UK Sport's Elite Programme aims to enhance and develop current world class coaches from across the British system, to help continue their learning and enable them to remain truly world class coaches.
In April 2019, nine of Britain's leading coaches from a variety of Olympic, Paralympic and non-Olympic sports, graduated from the rigorous three year development programme.
Following last week's conversation with British Swimming's Mel Marshall, this time around we speak to former England Rugby Forwards Coach and current Leicester Tigers Head Coach Steve Borthwick about his memories of the course and the value of learning alongside his peers from the Olympic and Paralympic sector.
What are your key takeaways from the elite coaching course?
The one over-riding takeaway was walking into the room and being surrounded by the coaches in that cohort and immediately recognising the knowledge, expertise and skill of the people there. Each time I went into the room, it was the same and just the knowledge there was incredible.
I remember a question from a workshop early on and they simply asked why we were there. I thought I knew, but the course taught me to look at things differently. I didn’t know everything and the honesty and vulnerability of everyone else taught me so much.
In reflection, what sessions jump out at you?
There’s so many to remember. The hostage negotiation session was incredible, but there’s countless experiences which made me a better coach. More than anything, it was watching and learning from the other coaches during these sessions. I learnt an incredible amount from the speakers we had, but even more from the coaches themselves.
How important was the mix of coaches from such a wide range of sports?
The mix was so important to the quality of the course. Mel (Marshall, British Swimming Coach), for example, knocked me for six each time she spoke. The passion and conviction she spoke with, mixed with her ability to deal with difficult situations was phenomenal. When she stood up in-front of the room and spoke she grabbed the room and that really struck me.
Paula (Dunn, Head Coach for British Athletics Paralympic Programme) had this remarkable empathy and I can only describe her as the sort of person who could tell me I’m dropped, and I’d still want to hug her at the end of the meeting. She has an unbelievable ability to relate to people.
I could go through every single member of the cohort and say brilliant things. Everybody was unbelievably authentic and would talk about their weaknesses, fears and doubts in a way I hadn’t heard elite athletes or coaches talk before.
If you could go back to a day or a session what would it be?
I’d say there was one moment I really remember, and it was after a session which explored where we saw our growth areas as leaders and coaches, and I was talking to Mel during the breakout. The way she questioned me made me think and made my mind go to a different level. A lot of our thought processes are quite superficial, but she made me really dig down and start questioning my thoughts and I think that was a great eye opener for me.
That’s a session from 2016 that still really resonate with me now and it’s 2020. That says a lot.
A year on from the conclusion of the course, how has it impacted you day-to-day?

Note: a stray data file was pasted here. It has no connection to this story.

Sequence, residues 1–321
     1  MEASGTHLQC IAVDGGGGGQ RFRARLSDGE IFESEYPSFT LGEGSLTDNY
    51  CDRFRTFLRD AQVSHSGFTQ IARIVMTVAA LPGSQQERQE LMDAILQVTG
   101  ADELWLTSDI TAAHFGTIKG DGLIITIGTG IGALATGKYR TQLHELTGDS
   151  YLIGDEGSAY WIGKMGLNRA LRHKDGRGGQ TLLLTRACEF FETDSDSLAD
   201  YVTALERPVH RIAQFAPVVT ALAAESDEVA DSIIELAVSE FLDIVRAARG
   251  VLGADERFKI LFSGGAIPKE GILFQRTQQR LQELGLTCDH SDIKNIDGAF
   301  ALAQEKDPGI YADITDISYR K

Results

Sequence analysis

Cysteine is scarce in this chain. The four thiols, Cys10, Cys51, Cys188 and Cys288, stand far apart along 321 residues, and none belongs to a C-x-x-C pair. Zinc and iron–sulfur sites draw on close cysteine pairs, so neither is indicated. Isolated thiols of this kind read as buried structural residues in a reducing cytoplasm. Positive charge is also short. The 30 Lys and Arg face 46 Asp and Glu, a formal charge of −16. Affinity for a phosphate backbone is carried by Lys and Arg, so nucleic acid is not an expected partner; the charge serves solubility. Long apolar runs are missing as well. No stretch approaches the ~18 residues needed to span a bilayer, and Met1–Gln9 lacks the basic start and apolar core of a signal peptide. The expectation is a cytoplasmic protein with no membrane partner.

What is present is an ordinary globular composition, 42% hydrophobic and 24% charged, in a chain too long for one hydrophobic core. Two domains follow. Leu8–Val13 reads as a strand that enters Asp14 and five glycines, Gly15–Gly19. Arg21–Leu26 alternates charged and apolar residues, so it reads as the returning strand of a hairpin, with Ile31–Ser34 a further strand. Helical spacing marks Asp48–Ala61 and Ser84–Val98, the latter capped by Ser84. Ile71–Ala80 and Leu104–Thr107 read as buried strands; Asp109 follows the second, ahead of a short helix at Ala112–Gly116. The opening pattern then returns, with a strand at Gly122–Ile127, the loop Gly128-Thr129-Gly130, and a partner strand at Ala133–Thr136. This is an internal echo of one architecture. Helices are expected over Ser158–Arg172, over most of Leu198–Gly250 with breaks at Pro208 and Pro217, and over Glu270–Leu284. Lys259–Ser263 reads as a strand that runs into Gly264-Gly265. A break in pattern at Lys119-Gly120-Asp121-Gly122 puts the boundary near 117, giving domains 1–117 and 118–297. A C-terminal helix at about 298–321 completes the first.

We had a virtual catch-up as a cohort a few weeks ago to check-in, because that cross-sport learning and discussion is so important. The coaches taught me a lot about managing myself in a lot of ways, both physically and mentally. I think a big message I got from all the coaches was the way you portray yourself when under pressure is really important. Gareth (Southgate, England Men’s Football Manager) would stand up and speak about some of the situations he finds himself in in a changing room and you see this guy who looks absolutely unflappable, and you could just learn so much from him. Do I do it perfectly? No, absolutely not, but I’m better at it for the course.
Another thing is the different approaches to things. Before the course, everything was black and white to me. But chatting to the other coaches, listening to how they’ve dealt with situations and learning about the different ways they approach situations taught me so much. It provided me with so many new tools and gave me so many more ideas and thoughts which have really helped me grow. You have to be authentic to who you are, but I now know there’s variations to your beliefs.
What would the people you work with say the big changes have been?
I did a 360 review recently and there were definite improvements in some of the areas I wanted to work in which is a result of the course. Being a lot calmer and dealing with stress better was a big thing for me, and the ability to manage challenging situations more effectively. Having a different and more considered approach has also been a significant change.
How important was UK Sport’s role in this space?
I think there’s been real value added without question to me as a coach, but that didn’t end when the course ended. It’s opened my eyes to experience and knowledge and exposed myself to so many new experiences. We talk about enhancing players’ learning, but it’s exactly the same for the coach. The course helped me at the time, but it’s also encouraged me to keep learning and keep pushing my knowledge boundaries.
The full interview with Mel Marshall is available here.